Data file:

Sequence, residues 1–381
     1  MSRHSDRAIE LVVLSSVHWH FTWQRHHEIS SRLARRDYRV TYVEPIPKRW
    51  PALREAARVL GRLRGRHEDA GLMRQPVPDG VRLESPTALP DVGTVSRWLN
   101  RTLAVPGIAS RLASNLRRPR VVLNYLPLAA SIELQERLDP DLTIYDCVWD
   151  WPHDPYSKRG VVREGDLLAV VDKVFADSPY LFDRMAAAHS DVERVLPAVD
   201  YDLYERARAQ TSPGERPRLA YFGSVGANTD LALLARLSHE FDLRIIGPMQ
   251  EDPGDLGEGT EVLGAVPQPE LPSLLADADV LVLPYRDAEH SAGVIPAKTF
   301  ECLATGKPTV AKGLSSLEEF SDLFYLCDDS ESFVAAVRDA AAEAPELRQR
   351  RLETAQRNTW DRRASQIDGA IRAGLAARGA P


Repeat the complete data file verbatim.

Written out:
Sequence, residues 1–381
     1  MSRHSDRAIE LVVLSSVHWH FTWQRHHEIS SRLARRDYRV TYVEPIPKRW
    51  PALREAARVL GRLRGRHEDA GLMRQPVPDG VRLESPTALP DVGTVSRWLN
   101  RTLAVPGIAS RLASNLRRPR VVLNYLPLAA SIELQERLDP DLTIYDCVWD
   151  WPHDPYSKRG VVREGDLLAV VDKVFADSPY LFDRMAAAHS DVERVLPAVD
   201  YDLYERARAQ TSPGERPRLA YFGSVGANTD LALLARLSHE FDLRIIGPMQ
   251  EDPGDLGEGT EVLGAVPQPE LPSLLADADV LVLPYRDAEH SAGVIPAKTF
   301  ECLATGKPTV AKGLSSLEEF SDLFYLCDDS ESFVAAVRDA AAEAPELRQR
   351  RLETAQRNTW DRRASQIDGA IRAGLAARGA P